The General Post Office in Dublin after the uprising.

The Easter Rising, which had little support from the Irish public at the time, began on April 24, 1916. Connolly led the Dublin Brigrade, which held the Dublin General Post Office, and so was in essence a sort of Commander-in-Chief during the uprising. Six days later, the Easter Rising came to a close with a surrender to British troops; its leaders, who had issued a proclamation of Irish freedom, were quickly sentenced to death by firing squad in the courtyard of Kilmainham Gaol in Dublin.

Injured during the fighting, Connolly had only been given a few more days to live by the doctors that attended him at the Royal Hospital Kilmainham. Unable to stand on his own due to his injuries, he was tied to a chair in order to face the firing squad.

The rapidity and brutality of the executions shocked the Irish public and the conditions of Connolly’s death were most shocking of all. After the executions, the corpses of the 15 put to death (killed between May 3 and May 12) were placed into an unmarked mass grave. The Irish people, previously largely indifferent to the republican rantings of the revolutionaries, angrily regarded British action against the leaders of the Easter Rising, granting legitimacy to the rebellion.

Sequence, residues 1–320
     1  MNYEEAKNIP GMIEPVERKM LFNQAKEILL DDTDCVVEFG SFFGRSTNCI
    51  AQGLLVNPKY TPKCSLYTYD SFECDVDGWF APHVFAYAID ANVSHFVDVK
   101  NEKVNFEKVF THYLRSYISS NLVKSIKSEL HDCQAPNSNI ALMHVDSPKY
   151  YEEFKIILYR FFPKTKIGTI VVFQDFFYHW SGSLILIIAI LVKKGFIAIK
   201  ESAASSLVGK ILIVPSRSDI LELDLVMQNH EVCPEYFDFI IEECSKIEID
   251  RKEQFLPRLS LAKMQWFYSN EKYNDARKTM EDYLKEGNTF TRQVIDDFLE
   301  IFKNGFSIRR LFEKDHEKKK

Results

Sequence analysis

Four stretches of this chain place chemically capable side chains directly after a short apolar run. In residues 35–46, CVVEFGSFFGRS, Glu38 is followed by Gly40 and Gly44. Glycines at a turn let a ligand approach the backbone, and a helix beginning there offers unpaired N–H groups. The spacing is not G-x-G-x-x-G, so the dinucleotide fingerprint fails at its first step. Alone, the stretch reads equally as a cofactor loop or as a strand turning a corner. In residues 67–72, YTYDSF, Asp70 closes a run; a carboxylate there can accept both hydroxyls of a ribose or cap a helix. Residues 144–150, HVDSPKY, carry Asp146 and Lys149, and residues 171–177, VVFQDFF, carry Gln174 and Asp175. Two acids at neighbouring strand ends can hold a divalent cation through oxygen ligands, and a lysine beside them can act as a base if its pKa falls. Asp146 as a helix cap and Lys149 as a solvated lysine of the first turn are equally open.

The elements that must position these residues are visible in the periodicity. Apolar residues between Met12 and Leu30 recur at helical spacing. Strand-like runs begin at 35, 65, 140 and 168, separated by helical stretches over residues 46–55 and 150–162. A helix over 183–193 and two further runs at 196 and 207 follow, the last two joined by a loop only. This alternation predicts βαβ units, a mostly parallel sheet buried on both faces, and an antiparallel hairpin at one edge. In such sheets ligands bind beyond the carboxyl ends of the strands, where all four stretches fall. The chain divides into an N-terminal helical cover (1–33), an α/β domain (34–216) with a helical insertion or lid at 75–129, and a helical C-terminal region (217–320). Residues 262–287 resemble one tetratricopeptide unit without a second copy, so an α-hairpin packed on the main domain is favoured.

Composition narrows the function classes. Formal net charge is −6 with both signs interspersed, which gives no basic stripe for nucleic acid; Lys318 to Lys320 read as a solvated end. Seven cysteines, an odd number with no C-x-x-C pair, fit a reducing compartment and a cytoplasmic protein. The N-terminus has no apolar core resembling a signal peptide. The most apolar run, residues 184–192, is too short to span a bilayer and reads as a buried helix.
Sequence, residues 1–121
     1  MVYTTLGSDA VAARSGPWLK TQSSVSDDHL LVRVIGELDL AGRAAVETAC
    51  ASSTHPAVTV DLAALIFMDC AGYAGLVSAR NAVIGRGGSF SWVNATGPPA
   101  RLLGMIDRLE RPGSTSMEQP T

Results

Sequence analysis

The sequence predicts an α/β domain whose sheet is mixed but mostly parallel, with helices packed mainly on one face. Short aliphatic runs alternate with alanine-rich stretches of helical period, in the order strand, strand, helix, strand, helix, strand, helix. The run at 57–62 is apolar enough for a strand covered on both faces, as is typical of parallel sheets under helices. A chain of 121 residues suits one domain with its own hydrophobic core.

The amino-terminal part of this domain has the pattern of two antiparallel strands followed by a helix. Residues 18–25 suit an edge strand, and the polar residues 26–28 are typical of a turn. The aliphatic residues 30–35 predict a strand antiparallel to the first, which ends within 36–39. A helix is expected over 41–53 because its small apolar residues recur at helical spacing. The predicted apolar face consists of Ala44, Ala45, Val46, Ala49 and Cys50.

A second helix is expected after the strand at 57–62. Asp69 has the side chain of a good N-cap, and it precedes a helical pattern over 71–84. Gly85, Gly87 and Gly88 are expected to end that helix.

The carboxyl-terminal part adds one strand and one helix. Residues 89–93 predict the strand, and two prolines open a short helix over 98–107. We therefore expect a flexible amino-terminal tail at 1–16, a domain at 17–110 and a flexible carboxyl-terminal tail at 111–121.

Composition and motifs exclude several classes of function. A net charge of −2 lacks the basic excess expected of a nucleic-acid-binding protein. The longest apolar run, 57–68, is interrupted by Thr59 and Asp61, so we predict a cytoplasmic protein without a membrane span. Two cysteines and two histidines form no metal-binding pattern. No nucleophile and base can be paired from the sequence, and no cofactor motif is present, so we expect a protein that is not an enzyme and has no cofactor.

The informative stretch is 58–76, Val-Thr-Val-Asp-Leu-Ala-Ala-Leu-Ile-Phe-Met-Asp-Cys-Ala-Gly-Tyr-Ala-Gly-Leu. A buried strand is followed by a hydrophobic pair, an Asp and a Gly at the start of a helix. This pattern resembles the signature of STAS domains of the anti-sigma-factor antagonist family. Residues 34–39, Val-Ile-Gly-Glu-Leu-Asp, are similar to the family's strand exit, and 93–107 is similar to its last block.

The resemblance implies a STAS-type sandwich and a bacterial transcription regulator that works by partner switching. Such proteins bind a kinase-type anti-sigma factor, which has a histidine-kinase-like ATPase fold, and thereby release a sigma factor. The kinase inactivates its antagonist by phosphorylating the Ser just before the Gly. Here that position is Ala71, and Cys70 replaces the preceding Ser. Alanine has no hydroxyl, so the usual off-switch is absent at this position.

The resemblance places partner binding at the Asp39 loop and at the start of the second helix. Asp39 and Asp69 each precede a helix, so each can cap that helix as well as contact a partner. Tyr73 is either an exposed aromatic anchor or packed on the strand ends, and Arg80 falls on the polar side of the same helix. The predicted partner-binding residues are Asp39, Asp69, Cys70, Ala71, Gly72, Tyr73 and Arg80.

The death of Connolly and the other leaders of the six-day siege presaged the final revolution that led to a free Irish state. Two of Connolly’s cohorts in the Easter campaign were Eamon de Valera and Michael Collins; within a half dozen years, the two* expanded revolutionary tactics through Sinn Fein that forced the British to the bargaining table, meetings that would give rise to the bitterly partitioned Ireland of today. Connolly is still regarded as one of the greatest Britons, though he spent his life fighting the British, and the Irish have celebrated his memory through several songs.

* While de Valera and Collins were regarded as the primary players in Irish statehood, the Easter Rising included dozens of revolutionaries who would spend their lives fighting for Irish independence.